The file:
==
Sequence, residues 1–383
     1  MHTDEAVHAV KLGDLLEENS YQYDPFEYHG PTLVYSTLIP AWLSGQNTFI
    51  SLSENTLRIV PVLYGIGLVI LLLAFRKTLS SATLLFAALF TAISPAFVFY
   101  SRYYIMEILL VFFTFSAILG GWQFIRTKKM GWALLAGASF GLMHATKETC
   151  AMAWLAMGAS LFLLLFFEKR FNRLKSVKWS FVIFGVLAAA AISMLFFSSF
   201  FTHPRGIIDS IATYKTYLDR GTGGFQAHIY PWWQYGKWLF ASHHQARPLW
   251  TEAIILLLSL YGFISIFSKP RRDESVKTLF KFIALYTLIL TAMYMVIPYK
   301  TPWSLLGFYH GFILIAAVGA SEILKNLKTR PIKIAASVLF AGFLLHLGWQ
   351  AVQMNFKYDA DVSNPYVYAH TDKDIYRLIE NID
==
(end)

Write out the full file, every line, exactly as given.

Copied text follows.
Sequence, residues 1–383
     1  MHTDEAVHAV KLGDLLEENS YQYDPFEYHG PTLVYSTLIP AWLSGQNTFI
    51  SLSENTLRIV PVLYGIGLVI LLLAFRKTLS SATLLFAALF TAISPAFVFY
   101  SRYYIMEILL VFFTFSAILG GWQFIRTKKM GWALLAGASF GLMHATKETC
   151  AMAWLAMGAS LFLLLFFEKR FNRLKSVKWS FVIFGVLAAA AISMLFFSSF
   201  FTHPRGIIDS IATYKTYLDR GTGGFQAHIY PWWQYGKWLF ASHHQARPLW
   251  TEAIILLLSL YGFISIFSKP RRDESVKTLF KFIALYTLIL TAMYMVIPYK
   301  TPWSLLGFYH GFILIAAVGA SEILKNLKTR PIKIAASVLF AGFLLHLGWQ
   351  AVQMNFKYDA DVSNPYVYAH TDKDIYRLIE NID